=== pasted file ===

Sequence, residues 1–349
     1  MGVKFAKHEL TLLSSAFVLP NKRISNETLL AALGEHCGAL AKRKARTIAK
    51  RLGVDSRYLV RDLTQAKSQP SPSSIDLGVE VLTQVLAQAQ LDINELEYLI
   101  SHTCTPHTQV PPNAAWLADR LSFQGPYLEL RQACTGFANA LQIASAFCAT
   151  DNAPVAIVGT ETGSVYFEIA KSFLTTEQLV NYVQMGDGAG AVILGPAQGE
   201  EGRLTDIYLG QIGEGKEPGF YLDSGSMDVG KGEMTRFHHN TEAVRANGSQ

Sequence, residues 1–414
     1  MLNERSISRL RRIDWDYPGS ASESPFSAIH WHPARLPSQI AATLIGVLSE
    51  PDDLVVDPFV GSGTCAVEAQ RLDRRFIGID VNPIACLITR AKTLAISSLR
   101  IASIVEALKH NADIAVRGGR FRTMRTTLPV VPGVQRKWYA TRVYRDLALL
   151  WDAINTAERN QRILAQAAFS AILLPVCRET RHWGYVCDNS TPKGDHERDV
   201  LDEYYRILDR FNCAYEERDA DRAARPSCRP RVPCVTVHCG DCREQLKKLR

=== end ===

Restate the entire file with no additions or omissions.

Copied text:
Sequence, residues 1–349
     1  MGVKFAKHEL TLLSSAFVLP NKRISNETLL AALGEHCGAL AKRKARTIAK
    51  RLGVDSRYLV RDLTQAKSQP SPSSIDLGVE VLTQVLAQAQ LDINELEYLI
   101  SHTCTPHTQV PPNAAWLADR LSFQGPYLEL RQACTGFANA LQIASAFCAT
   151  DNAPVAIVGT ETGSVYFEIA KSFLTTEQLV NYVQMGDGAG AVILGPAQGE
   201  EGRLTDIYLG QIGEGKEPGF YLDSGSMDVG KGEMTRFHHN TEAVRANGSQ

Sequence, residues 1–414
     1  MLNERSISRL RRIDWDYPGS ASESPFSAIH WHPARLPSQI AATLIGVLSE
    51  PDDLVVDPFV GSGTCAVEAQ RLDRRFIGID VNPIACLITR AKTLAISSLR
   101  IASIVEALKH NADIAVRGGR FRTMRTTLPV VPGVQRKWYA TRVYRDLALL
   151  WDAINTAERN QRILAQAAFS AILLPVCRET RHWGYVCDNS TPKGDHERDV
   201  LDEYYRILDR FNCAYEERDA DRAARPSCRP RVPCVTVHCG DCREQLKKLR